Leverage your Strengths to Become the Best Version of You
We sat in an early-morning calculus class at Smith College in Massachusetts. I’d forgotten my eraser in the rush to make it to class. She washed dishes in Lamont house as her first campus job, and I did the same. Through the dish-washing experience, we got acquainted. People called her Kim, others affectionately called her Kimmie. I did the latter. “Kimmie, Kimmie,” I whispered as I tapped her on the shoulder, trying to get her attention. “Yes, Lucy,” she said as she turned towards me. “May I have your rubber?” I asked. “Lucy, what? Rubber!” she exclaimed, not understanding what I’d said. “Yes, rubber. I forgot mine at my house, and I need to erase something,” I said as I made hand gestures. Kimmie gave me her eraser and we became friends. For the next few years, almost every time she met me she screamed, “Rubber!” Yes, the British call an eraser a rubber, a traffic light a robot, an elevator a lift, cookies biscuits, and it was not always easy to transition to life in the United States coming from Zimbabwe—a former British colony. During my first days, I said things that many people didn’t immediately understand. I could have lost my confidence and felt like I didn’t belong, but I never let that happen.
I hail from the dusty streets of Mucheke, Masvingo, Zimbabwe, where babies are carried on one’s back, and women can breastfeed on the bus and no one frowns about it. I come from a place where candlelit dinners aren’t something to be excited about, but rather a way of life. Why am I saying all these things? According to my background, and the statistics of people who look like me, I’m not expected to have the credentials that I have. I am a face you don’t often come across in electrical and computer engineering. I’m a black, female engineer, and how did I do it? Well, my innate strengths have carried me through all the storms.
In order to get a better understanding of what my strengths are, I attended the “Leveraging Your Strengths” workshop sponsored by The Graduate School’s Professional Development Series. In that workshop we used the CliftonStrengths assessment to identify our strengths, and that experience gave me the language that I needed to articulate my strengths and identify how they’ve helped me succeed.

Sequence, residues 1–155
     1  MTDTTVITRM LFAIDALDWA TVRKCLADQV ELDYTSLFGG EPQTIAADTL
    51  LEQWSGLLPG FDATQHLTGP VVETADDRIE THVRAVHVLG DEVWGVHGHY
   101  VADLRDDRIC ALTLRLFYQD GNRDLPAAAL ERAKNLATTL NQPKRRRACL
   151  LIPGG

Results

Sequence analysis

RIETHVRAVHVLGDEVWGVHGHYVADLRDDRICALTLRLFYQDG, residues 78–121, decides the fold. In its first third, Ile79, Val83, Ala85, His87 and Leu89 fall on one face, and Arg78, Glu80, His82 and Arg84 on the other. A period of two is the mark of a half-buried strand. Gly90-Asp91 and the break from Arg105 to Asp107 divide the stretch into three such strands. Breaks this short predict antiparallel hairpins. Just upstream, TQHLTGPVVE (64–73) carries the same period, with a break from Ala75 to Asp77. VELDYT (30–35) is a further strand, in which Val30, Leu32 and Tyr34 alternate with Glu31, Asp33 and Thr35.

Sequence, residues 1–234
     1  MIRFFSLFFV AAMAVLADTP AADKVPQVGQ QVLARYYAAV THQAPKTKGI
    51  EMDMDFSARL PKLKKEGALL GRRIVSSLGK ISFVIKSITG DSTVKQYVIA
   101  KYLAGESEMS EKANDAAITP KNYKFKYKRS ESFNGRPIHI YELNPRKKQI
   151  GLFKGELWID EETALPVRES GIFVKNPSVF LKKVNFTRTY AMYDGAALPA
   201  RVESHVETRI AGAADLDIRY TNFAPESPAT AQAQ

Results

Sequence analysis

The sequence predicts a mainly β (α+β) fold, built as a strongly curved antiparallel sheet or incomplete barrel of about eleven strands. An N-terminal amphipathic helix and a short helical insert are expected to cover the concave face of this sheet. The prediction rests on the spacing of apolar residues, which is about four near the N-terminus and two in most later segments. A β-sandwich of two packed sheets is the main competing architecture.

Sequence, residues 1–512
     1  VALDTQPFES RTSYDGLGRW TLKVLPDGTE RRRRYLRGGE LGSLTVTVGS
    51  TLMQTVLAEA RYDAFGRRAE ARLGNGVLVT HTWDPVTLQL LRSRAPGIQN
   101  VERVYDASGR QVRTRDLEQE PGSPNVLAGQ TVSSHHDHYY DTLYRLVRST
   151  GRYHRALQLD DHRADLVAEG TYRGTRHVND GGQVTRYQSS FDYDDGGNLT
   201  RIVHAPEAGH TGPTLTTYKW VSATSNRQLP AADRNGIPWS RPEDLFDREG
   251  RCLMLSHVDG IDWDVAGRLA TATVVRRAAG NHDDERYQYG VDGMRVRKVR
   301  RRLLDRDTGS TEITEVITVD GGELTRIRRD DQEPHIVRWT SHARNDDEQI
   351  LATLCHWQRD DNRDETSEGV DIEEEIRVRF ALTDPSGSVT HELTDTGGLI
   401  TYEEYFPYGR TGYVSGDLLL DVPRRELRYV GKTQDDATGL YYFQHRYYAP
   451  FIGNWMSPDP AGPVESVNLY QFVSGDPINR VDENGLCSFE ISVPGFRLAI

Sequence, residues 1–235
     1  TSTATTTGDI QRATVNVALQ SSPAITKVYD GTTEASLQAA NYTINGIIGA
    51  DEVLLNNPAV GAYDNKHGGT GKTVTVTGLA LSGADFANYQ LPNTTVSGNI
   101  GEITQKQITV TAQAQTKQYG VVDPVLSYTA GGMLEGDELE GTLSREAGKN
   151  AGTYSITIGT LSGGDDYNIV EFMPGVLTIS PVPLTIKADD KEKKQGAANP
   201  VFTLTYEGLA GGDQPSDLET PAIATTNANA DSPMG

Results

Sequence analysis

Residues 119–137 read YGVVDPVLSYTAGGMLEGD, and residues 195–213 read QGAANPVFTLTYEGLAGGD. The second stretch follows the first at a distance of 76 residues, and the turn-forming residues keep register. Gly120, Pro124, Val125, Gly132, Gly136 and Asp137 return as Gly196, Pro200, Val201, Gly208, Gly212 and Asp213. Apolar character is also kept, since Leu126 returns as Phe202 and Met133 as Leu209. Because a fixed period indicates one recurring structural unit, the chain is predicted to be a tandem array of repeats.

My positivity is what enabled me to embrace Kimmie as a friend instead of feeling embarrassed each time she saw me and exclaimed, “Rubber!” at the top of her lungs, even when other people were around. I was able to understand that the platform she was standing on was love, though that was never explicitly said. I carry that same positivity into other areas of my life. Positivity, though, is not naivety. Rather, it is the choice to believe that there is still a lot of good in the world, and good things can come even out of embarrassing experiences.
I’m also a maximizer, I polish the pearl until it shines. I love looking at what I have, and take full advantage of that instead of wailing about what I do not have. Leveraging my strengths allows me to be the achiever that I am. As an achiever, accomplishing my goals gives me great satisfaction. I am rarely content with complacency. I love keeping busy, and striving for more. I also love learning new things, but as an engineer, I have to be strategic about the battles that I choose to fight. There are lots of exciting things to learn, but at the end of the day, it matters if I’m actually good at something at a level that others aren’t. As I continue to grow, I realize that doors open wide for individuals who are skilled in their work, and gaining any skill requires a strategy. That I’m innately strategic makes it easier for me to hone my skills.
As society continues to embrace diversity, it’s become vitally important to learn about cultures that are different from our own. Understanding what is important to the people you work with or go to school with is essential. I’ll never forget one incident from college. We sat in one of our dining halls having lunch, and one of the other girls wanted us to be quiet for some reason. “Shhhh!” I muttered to the girl next to me, who happened to be from a culture different from mine. She fumed, deeply offended. I didn’t understand why it seemed she was blowing things out of proportion. Later on, I reached out to her for a conversation and gained understanding on why she had reacted the way she reacted. I learned that what I had said was very offensive in her culture. I hadn’t known anything about her culture, so I was taken aback when she reacted the way she did, but now that I understood, I was thankful that she’d taken the time to explain, and I apologized for offending her.
That experience opened my eyes to the new world we all live in, a world where embracing other cultures and learning the intricacies of what makes people who they are have become important aspects of our lives. My innate love for learning pays off in times like these. As I continue to learn about other cultures, it’s easier for me to work in diverse teams—something that I can’t avoid as an engineer. My journey is atypical, but the CliftonStrengths assessment has helped me understand how strategically maximizing my strengths has allowed me to remain positive in both dry and stormy seasons of life. Achieving my dreams is no longer scary, and I welcome each new day with positivity and grace. Life has been good to me so far, and I’m sure that by using my strengths I’ll continue to find good days ahead.
Editors' note: Graduate School students can claim a code to access the CliftonStrengths assessment for free.
Ph.D. student, Electrical and Computer Engineering
Lucy Chikwetu is an electrical and computer engineering student from Zimbabwe pursuing a doctorate with a research focus on computer architecture.